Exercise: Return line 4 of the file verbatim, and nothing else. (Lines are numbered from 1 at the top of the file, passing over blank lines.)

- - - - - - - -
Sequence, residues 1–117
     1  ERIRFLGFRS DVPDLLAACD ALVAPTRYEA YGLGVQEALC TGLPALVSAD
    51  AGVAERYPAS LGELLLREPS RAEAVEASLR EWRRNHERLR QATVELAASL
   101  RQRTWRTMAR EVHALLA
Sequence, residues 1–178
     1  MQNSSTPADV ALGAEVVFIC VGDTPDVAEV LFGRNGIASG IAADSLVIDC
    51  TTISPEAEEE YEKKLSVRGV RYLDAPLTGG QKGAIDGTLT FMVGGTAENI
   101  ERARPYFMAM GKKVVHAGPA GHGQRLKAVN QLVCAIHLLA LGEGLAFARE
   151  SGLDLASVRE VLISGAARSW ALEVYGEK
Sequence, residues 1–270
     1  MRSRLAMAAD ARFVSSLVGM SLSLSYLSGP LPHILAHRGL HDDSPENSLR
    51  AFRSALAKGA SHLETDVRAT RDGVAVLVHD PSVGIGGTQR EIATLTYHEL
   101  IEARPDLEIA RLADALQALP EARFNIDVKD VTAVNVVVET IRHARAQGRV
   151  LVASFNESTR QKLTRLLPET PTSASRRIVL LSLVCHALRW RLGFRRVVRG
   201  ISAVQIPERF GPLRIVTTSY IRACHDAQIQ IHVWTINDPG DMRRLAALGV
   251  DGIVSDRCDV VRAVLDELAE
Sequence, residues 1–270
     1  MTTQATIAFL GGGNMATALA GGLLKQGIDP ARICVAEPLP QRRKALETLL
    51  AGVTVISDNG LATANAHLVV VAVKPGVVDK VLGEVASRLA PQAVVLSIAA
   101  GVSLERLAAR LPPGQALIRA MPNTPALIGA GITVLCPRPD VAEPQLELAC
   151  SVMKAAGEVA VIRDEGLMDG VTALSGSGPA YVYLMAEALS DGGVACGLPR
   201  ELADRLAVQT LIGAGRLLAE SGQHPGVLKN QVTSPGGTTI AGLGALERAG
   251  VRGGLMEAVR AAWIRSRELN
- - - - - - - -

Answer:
   101  RQRTWRTMAR EVHALLA